At a Corbin Rotary Club meeting last week, Director of Pharmacy at Baptist Health Corbin, Mr. Cliff Niemeier, spoke about the recent edition of a brand-new heart failure clinic to the hospital.
Opening about six weeks ago, Niemeier said of the new clinic, “It is conveniently located inside the hospital, and is a partnership between the Baptist Health Cardiology medical group and the hospital itself.”
As for what is offered there, Niemeier explained that a highly trained team of specialists will be on hand to assist patients with a variety of services including managing their medications, offering support with nutrition, lifestyle and dietary plans, and also providing one-on-one
education about heart failure and its symptoms.
So, what exactly is heart failure?
“There are a couple of different types of heart failure,” Niemeier said. “It could involve the heart not pumping out enough blood, or maybe not bringing the blood in.”
As for symptoms that could indicate that a person is dealing with heart failure, those include: Fluid retention, weight gain, shortness of breath, wheezing or coughing, appetite loss, tiredness, or an abnormally fast or slow heartbeat.
Niemeier went on to explain that clinics like this one are becoming increasingly important, because heart failure is actually a leading cause for admission to hospitals in many parts of the country, including ours. Not only that, but he said it is also a leading cause for re-admissions, with about 25% of patients being re-admitted based on national statistics.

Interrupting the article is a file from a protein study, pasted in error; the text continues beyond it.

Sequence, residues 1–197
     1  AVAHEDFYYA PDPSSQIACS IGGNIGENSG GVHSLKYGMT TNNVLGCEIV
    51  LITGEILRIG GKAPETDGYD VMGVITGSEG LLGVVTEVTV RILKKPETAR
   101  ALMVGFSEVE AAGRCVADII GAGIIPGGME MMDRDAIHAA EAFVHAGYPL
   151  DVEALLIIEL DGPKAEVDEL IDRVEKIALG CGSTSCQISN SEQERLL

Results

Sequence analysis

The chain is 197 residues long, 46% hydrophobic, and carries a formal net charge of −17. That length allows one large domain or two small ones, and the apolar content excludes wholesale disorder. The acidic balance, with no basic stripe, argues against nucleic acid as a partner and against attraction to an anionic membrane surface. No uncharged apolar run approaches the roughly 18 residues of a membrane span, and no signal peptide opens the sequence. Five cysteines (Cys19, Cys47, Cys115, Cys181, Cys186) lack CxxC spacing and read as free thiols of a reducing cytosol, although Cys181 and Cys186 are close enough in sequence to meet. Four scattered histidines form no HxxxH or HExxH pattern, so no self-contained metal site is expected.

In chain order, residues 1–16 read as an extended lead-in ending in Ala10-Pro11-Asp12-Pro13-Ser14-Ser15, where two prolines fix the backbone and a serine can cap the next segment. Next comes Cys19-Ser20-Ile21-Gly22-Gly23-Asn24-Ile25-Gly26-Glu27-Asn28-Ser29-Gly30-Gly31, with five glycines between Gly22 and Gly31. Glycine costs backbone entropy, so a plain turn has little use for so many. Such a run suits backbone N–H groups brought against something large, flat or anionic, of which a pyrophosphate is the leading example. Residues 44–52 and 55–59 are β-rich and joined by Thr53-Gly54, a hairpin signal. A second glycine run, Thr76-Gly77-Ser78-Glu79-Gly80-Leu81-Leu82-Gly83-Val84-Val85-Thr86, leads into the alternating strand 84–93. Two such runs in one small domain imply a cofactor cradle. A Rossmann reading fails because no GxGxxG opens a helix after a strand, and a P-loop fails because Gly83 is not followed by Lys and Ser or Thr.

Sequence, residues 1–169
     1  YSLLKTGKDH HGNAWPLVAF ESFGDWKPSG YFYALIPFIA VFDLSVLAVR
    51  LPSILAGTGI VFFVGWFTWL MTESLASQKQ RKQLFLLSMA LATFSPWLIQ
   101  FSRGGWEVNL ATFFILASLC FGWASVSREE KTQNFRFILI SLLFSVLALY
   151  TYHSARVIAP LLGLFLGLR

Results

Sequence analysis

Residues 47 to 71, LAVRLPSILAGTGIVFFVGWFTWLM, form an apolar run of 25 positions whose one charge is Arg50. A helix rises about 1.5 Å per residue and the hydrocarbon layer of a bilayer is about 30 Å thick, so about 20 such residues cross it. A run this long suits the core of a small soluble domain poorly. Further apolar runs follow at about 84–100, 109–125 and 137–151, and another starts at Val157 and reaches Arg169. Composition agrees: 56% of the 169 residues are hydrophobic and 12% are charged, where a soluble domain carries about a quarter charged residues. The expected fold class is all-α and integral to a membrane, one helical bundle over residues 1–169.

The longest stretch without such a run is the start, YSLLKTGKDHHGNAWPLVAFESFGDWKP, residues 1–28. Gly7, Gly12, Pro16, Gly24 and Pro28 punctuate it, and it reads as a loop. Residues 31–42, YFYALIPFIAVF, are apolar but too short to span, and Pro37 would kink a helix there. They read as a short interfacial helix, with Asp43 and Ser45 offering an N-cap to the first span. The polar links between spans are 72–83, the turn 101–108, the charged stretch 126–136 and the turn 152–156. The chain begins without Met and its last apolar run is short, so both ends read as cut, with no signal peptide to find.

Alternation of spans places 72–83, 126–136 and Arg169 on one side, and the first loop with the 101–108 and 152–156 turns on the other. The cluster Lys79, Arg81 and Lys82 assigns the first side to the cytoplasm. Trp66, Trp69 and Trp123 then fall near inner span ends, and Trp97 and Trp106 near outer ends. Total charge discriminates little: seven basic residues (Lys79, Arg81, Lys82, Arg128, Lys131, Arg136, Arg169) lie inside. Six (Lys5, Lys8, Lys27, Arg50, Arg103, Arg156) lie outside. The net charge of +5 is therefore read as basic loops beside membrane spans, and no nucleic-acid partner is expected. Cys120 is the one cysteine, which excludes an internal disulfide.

“This is a progressive, chronic disease,” said Niemeier. “So, it is very important to maintain adequate care.”
Right now the hope is for this new clinic to see a patient within 48-72 hours after they are discharged from the hospital. The initial appointment will include a check of vital signs and weight, probably a blood draw, and a six-minute walk test will likely be administered. From there, weekly follow-up appointments may be necessary, depending on the patient’s individual needs.
Visits to the clinic are meant to be maintained in conjunction with regular visits to primary care providers.
In the future, the hope is begin utilizing more remote patient monitoring devices in the clinic. Dr. David Worthy, who was also present at the Rotary Club meeting, elaborated on that by saying, “These clinics are being developed all around the country. What we really need to be doing is thinking creatively about how we can keep people safe, keep them appropriately treated, and keep them out of the hospital.”
“In these clinics we are applying evidence-based interventions, and we are deploying new technology. What is happening at Baptist Health is really part of a much bigger movement.”
While this new Baptist Health heart failure clinic is mainly focusing on seeing patients who have been discharged from the hospital with heart failure, the hope is to begin partnering with primary care physicians at some point in the future in order to receive additional referrals.